* Obviously the best and most desirable reaction and outcome will be rapid, progressive and cumulative improvements
* But another positive indicator and reaction may actually be a temporary worsening of some symptoms – If the Menefe Syndrome were not indeed present, then it would be more likely to notice absolutely nothing from the dietary changes
* Therefore, the WORST outcome we could expect would be to notice absolutely no changes, good or bad, over the entire process

 

At what point can we or should we go back to our “usual” way of eating?

Although we have seen many cases where only short term use of the SBP Diet has produced great results that have lasted for years beyond strict compliance, we also want people to know that returning to poor dietary patterns may promote a return of unwanted symptoms – especially in those children and adults who may be particularly susceptible to the Menefe Syndrome imbalance. You just need to rely on your own education, judgment and observations when planning for the long term nutritional needs of you and your family. So although we continue to refer to the SBP Diet, especially with regard to Phase 1 and Phase 2 recommendations, as representing a “temporary” strict modification in the way that your child and family eats their meals, this nearly two year experiment in Internet circulation of the diet and having you all report back to us has only strengthened our opinion exponentially that continuing to comply with no less than the Phase 3 diet will represent a positive lifestyle practice for a great portion of the entire population. Many families tell us that now they wouldn’t go off the diet for anything, and a good number of them even choose to remain with the more limited Phase 1 eating. Only you will be able to make that type of choice.

 

What is No Harm’s position on the use of medications and nutritional supplements along with the SBP Diet?

We are frequently asked whether we commonly recommend or not recommend the continued use or new use of medications and supplements. First and foremost, our goal is always to have the dietary changes do most of the work whenever possible. Throwing too many variables into the mix at the same time may be counterproductive at worst and confusing to the assessment of your positive results at best. Try to keep the process as simple as possible in the beginning. However we know that often there are other medical issues children and adults are experiencing that the diet alone can not be expected to completely address. Please understand that as we are not medical doctors, we can in no way legally or even ethically advise you about the use or dosage of any prescription drugs. You will need to consult with your prescribing physicians for all such guidance. With so many nutritional supplements available, yet with unpredictable availability (especially with international considerations), it’s rarely practical or even responsible for us to try to recommend generic supplementation for people to try to locate in their markets or even health food stores. There are superior and inferior brands and many other variables in your choices out there, and Dr. Shauna always prefers to keep supplementation minimized and fairly customized to the individual case at any rate. Customized advice from experienced practitioners is always preferred to attempting to recommend the same products to everyone, or suggesting that you just experiment with the latest and greatest supplements before you can see how you or your child responds to the dietary changes alone.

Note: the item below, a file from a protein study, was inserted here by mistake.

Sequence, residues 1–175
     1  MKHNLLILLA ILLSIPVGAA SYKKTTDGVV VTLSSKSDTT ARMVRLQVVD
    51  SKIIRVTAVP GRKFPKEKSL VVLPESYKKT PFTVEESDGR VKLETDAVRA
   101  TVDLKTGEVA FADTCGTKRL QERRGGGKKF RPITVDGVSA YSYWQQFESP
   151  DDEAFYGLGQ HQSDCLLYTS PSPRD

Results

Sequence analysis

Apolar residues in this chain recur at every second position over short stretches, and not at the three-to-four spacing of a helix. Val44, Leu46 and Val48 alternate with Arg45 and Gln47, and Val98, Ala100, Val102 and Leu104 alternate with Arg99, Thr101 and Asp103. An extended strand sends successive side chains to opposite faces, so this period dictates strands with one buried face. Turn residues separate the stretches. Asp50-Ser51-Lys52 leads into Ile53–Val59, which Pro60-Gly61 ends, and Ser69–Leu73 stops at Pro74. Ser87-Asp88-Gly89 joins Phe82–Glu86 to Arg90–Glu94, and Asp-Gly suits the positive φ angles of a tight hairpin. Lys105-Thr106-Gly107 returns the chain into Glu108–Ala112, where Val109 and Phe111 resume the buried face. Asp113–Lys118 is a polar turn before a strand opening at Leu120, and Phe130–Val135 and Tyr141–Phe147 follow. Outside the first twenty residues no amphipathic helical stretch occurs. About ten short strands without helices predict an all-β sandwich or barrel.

Are there participating therapists and other practitioners in my area that you could refer me to?

We are doing our very best at assembling a referral network to help you locate those practitioners in your area who could assist and coach you with this program, but this is going to take a little more time. We’re making plans to provide training for those professionals who wish to participate, and we know that there are many already out there who are recommending and supporting people with their SBP programs, but haven’t yet supplied us with that information. We strongly encourage all those currently working with this Protocol, or who would like to do so, to contact and communicate that to us.